Yes, but note that your state may require you to report earnings on a weekly basis, and PUA benefits only apply if you can demonstrate that your income is reduced.
- I am applying for a green card. Is my green card status at risk if I apply for these benefits?
We know this is complicated, and we recommend contacting an immigration professional such as an attorney who can review your eligibility and specific immigration situation. The Department of Justice has a list of pro bono legal service providers that may be helpful.
- I still have my full-time job, but I can’t drive or deliver using Uber because of the pandemic. Can I still get relief for my lost income from driving or delivering?
As of April 17, 2020, federal guidance hasn’t been issued on this question, which means that different states may handle this scenario differently. You can visit your state Department of Labor website for guidance on whether you can make claims for lost income from work as an independent contractor that is additional to your W-2 income.
- I lost my full-time job and am currently getting unemployment payments. Can I also apply for relief as an independent contractor?
If you qualify for or are already receiving traditional unemployment insurance, you may not be eligible for PUA. You should visit your state website for additional guidance.
- I received non-government financial assistance. Can I still apply for PUA?
You can still apply for PUA, but if you received financial aid that replaced lost income, you may need to report it on your application.
- Are the funds I receive through PUA taxable?
Yes. Unemployment assistance is taxable.
- Will my Uber account be deactivated if I apply for unemployment benefits?
No. Any decisions you make to apply for government financial support will have no impact on the status of your account.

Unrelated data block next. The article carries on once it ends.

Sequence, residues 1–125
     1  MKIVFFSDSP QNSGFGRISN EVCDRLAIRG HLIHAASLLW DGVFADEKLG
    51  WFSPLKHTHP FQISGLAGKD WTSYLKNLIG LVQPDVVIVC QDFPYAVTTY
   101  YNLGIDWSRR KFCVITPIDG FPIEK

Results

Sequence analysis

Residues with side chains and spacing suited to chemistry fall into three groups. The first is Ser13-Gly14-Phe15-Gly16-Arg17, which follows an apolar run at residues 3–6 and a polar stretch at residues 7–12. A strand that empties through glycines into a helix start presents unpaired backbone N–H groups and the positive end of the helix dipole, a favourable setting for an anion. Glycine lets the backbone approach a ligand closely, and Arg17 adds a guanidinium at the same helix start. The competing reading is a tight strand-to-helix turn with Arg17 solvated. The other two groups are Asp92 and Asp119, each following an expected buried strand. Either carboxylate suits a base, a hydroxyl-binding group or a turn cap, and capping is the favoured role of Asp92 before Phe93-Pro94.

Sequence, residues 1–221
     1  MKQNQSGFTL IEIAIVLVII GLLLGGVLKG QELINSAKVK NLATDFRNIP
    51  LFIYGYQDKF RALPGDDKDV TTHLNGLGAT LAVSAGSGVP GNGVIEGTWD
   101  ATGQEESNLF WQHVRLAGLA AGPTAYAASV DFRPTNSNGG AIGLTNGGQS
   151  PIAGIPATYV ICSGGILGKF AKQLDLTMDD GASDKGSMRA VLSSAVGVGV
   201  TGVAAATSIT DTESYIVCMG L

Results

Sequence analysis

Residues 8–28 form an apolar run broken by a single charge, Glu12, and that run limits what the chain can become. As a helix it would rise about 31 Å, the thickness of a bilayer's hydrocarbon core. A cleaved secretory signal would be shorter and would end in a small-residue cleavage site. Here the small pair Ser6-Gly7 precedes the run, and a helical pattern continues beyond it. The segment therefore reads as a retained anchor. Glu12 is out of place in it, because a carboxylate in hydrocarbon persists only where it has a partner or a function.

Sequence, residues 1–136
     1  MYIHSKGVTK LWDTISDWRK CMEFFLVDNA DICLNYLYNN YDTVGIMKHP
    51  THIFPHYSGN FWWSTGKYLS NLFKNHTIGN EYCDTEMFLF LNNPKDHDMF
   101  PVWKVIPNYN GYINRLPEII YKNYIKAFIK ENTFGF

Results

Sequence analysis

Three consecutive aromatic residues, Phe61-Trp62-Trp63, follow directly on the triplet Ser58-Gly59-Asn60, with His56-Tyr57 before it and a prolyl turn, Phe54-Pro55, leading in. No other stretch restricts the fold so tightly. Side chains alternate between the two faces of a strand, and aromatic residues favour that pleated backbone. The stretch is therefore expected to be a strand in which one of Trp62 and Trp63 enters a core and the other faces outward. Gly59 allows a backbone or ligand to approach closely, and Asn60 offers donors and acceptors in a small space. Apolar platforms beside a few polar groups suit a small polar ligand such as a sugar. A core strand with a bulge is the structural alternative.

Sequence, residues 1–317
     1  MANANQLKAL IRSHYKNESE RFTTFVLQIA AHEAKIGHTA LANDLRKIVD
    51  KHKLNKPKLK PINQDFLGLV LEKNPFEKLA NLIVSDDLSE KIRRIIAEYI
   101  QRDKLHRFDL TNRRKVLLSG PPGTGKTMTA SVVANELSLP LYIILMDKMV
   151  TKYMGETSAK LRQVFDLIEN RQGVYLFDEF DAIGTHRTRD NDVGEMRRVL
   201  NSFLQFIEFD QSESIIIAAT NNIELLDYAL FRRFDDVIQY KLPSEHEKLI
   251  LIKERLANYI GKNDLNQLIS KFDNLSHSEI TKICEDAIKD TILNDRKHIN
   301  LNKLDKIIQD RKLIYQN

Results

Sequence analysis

- The unemployment/PUA application asks for contact information of all past employers. What contact information do I use for Uber?
You are considered an independent contractor, not an employee, based on your agreement with Uber. You should not have to provide contact information for companies that you do not have an employment relationship with -- depending on how your state collects information on this question, you could do one of the following:
- Select “no” if there is a drop-down menu
- If you operate under an LLC or other structure, you could list that information
- If you operate as a sole proprietor, you could list your personal information
- What kind of documentation will I need to provide to qualify for a PPP loan?
- If I receive an EIDL Emergency Advance, will I still be able to apply for a PPP loan?
Yes, if you receive an EIDL Emergency Advance, you are still able to apply for a PPP loan. Based on SBA guidance, if you received an EIDL loan between January 31, 2020, and April 3, 2020, the amount will be deducted from the total amount that you could borrow through a PPP loan. However, because an EIDL Emergency Advance does not have to be paid back, it doesn't impact your total borrowable PPP amount.
- If I receive a PPP loan, will I still be able to file for unemployment benefits?
We’re working on finding a clear answer to this question, but as of April 17, 2020, federal guidance has not addressed whether individuals who received a PPP loan could later receive PUA.
- I received a loan through the Paycheck Protection Program. Can I still drive or deliver?
Yes. However, make sure to consult with your lender to ensure you understand all the steps you will need to take to qualify for loan forgiveness of a Paycheck Protection Program loan.
- I had a W-2 job that I lost due to COVID, but a majority of my earnings are from driving and/or delivering using Uber. Am I eligible for PUA?
Even if your income as an independent contractor was more than your W-2 income, federal guidance states that PUA is only available to individuals who are not eligible for traditional unemployment benefits. This means that you will not be eligible for PUA if you are receiving or are eligible to receive traditional unemployment. But if your W-2 income does not meet the minimum monetary requirements for traditional unemployment, you have exhausted traditional unemployment, or are otherwise ineligible for traditional unemployment, you may be eligible for PUA.
¹The material provided on this page does not, and is not intended to, constitute legal, financial, tax, or other advice. It is for informational purposes only. Please consult your attorney or financial adviser to obtain advice with respect to your particular situation. For your convenience, this page contains links to third-party websites. Uber is not responsible for the content in those third-party sites or the products or services offered through them. While we will make every effort to keep this site up to date, for the most current information please see the respective governmental or organizational sites.